Ethnographic Research in Remote Spaces: Overcoming Practical Obstacles and Embracing Change

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by CHLOE EVANS, Spotify As an ethnographer and user researcher in industry a lot of my work depends on speaking to people face to face, understanding how they live their lives on their own terms and in their own spaces. Since the onset of Covid-19 both academic and industry researchers alike have been recalibrating how they conduct research in non-physical spaces by relying on remote tools and technology. Conducting research in a non-physical space has unexpected benefits as well as some challenges. The Importance of "Being There" The time corporate ethnographers have in the field is incredibly valuable; compared to academic ethnographers, we are able to spend far less time with people. Being in the same space is vital for us to understand how people use products and services for the companies we work for. For example, in a past role, I would have not understood the intricacies of how people experience pet store spaces in the US if I had not physically traveled there, spoken with dog owners, and followed them around the stores. Likewise,...

Recalibrating UX Labs in the Covid-19 Era

by STUART HENSHALL, Convo Early in 2020 as a result of Covid-19, Convo—along with companies around the world—moved all research in India to remote solutions. This was quite a change and presented new challenges to the research team. While our preference is almost always to go in-home, particularly for foundational and ethnographic research, for UX research a temporary though centralized “lab” is typically more time and cost efficient. This post focuses on the impact of remote methods on UX Labs where, paradoxically, remote methods can render the lab situation more ethnographic. India, pre-Covid-19 We are in a tier two city, sitting in a viewing room, looking in on the UX lab setup as a session was about to start. It was typical for India in many regards, with multiple cameras, various wires, and recording equipment set up in a temporary location (typically a hotel). Usually you can’t help noticing the wallpaper (it’s so not me) and the lights may be dim and fluorescent. In a few moments, our research participant will arrive....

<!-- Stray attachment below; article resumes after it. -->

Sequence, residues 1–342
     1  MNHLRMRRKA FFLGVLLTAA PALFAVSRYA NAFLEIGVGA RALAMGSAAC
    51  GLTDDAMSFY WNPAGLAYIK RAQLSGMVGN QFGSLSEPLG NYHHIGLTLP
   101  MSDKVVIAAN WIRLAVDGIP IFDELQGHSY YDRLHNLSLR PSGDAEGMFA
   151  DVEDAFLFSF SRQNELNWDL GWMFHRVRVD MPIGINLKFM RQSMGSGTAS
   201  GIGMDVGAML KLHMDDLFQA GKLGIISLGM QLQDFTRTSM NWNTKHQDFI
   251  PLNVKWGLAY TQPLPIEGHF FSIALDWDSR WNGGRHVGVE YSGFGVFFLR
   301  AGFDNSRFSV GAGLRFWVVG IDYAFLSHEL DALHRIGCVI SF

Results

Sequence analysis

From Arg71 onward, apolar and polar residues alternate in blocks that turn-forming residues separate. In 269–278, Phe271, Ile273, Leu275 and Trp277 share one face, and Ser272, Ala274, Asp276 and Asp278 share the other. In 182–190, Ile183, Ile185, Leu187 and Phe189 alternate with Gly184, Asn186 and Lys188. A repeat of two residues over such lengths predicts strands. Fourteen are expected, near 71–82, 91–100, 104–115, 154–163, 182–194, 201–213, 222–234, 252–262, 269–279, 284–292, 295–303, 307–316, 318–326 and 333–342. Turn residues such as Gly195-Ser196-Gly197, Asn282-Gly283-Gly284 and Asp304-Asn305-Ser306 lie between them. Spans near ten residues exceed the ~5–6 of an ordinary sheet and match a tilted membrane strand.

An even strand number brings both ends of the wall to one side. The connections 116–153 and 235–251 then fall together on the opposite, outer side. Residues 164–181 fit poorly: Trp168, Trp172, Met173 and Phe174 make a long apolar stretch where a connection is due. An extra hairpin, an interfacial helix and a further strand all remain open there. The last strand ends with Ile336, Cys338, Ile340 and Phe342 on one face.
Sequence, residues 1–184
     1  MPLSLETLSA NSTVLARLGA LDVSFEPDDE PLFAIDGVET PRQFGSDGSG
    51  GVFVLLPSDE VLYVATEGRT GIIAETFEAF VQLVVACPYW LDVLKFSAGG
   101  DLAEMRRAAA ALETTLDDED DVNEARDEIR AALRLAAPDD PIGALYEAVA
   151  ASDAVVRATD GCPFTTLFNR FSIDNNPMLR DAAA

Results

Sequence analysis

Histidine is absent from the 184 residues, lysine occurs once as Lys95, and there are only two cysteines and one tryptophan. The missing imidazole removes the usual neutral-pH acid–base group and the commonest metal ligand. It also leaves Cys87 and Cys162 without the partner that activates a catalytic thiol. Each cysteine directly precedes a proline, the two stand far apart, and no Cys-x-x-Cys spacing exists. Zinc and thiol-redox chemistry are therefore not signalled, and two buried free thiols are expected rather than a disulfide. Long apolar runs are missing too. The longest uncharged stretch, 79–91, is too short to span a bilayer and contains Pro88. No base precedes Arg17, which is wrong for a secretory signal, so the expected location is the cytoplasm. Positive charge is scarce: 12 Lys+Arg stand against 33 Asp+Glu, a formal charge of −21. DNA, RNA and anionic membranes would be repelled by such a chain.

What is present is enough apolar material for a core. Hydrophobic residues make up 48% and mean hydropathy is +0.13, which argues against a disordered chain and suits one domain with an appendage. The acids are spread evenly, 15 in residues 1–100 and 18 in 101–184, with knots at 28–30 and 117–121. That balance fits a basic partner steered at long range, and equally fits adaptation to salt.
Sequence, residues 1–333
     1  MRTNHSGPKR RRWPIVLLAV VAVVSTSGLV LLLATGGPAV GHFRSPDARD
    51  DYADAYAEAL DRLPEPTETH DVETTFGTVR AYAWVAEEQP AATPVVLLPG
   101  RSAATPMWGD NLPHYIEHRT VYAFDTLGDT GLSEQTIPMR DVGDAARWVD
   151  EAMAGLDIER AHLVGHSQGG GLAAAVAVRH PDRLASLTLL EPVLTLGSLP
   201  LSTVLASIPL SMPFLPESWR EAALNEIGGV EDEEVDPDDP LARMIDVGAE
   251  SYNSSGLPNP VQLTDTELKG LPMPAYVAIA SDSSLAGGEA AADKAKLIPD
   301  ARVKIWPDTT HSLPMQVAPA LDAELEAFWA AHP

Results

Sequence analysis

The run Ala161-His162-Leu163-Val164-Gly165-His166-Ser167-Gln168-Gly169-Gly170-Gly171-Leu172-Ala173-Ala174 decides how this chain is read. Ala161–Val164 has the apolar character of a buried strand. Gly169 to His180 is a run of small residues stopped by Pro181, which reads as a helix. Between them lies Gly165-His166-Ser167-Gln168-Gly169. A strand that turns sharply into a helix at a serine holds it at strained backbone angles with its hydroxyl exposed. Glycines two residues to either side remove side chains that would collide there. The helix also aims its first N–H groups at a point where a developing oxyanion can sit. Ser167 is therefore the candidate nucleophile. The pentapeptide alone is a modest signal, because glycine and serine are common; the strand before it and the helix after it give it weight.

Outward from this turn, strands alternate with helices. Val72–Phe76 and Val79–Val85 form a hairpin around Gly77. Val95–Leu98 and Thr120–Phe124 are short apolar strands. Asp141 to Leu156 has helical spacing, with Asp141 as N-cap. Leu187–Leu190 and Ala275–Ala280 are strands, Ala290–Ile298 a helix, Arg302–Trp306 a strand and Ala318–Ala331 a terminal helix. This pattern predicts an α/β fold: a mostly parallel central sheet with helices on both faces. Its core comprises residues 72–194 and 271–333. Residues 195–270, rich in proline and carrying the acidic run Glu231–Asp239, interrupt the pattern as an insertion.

Where Were You During Covid-19? An Ethnographic Lens on Local Life in a Global Pandemic

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by PATRICIA L. SUNDERLAND, CRAstudio.com Where were you during Covid-19? The question seems destined to become a standard conversation piece at future get-togethers. For professional anthropologists and ethnographers, we can also add in questions about what was looked at, listened to, thought about, done and imagined for the future. Gillian Tett, anthropologist and US editorial board chair at the Financial Times, for instance, wrote about the Covid-19 culture shock she experienced in London. The relative lack of mask wearing there was in stark contrast to the strict masking she had become accustomed to as an “embedded—and embodied—part of life” in her New York City neighborhood. In Paris, Dominique Desjeux, professional anthropologist, professor, and coordinator of the French applied anthropology network Antropik, created an auto-ethnographic video of what he and family members were doing and attending to in their apartment during the early confinement phase in March 2020. In my case, I spent most of 2020 in Addis Ababa,...